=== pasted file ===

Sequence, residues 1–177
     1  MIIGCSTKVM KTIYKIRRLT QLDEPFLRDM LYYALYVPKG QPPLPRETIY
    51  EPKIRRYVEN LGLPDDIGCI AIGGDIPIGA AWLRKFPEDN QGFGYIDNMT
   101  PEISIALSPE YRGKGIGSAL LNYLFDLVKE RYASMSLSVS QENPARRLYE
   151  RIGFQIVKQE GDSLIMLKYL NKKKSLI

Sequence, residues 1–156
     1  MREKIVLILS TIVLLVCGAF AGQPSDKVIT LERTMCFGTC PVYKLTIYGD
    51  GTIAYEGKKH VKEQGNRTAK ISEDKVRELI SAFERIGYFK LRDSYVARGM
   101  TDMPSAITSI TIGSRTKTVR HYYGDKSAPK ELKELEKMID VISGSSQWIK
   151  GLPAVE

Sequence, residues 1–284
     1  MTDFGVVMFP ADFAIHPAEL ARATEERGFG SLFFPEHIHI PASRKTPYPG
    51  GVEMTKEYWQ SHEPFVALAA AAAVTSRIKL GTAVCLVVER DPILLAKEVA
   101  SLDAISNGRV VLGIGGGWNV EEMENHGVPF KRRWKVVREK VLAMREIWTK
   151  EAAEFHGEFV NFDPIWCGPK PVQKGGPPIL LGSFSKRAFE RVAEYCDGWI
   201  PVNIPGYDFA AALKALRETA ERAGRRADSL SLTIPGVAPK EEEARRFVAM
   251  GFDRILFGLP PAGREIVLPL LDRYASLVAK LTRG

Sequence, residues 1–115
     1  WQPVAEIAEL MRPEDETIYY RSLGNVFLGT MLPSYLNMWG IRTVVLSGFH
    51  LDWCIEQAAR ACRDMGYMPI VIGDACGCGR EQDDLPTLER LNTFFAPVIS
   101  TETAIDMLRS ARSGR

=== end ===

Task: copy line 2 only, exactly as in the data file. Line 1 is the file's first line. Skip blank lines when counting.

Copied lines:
     1  MIIGCSTKVM KTIYKIRRLT QLDEPFLRDM LYYALYVPKG QPPLPRETIY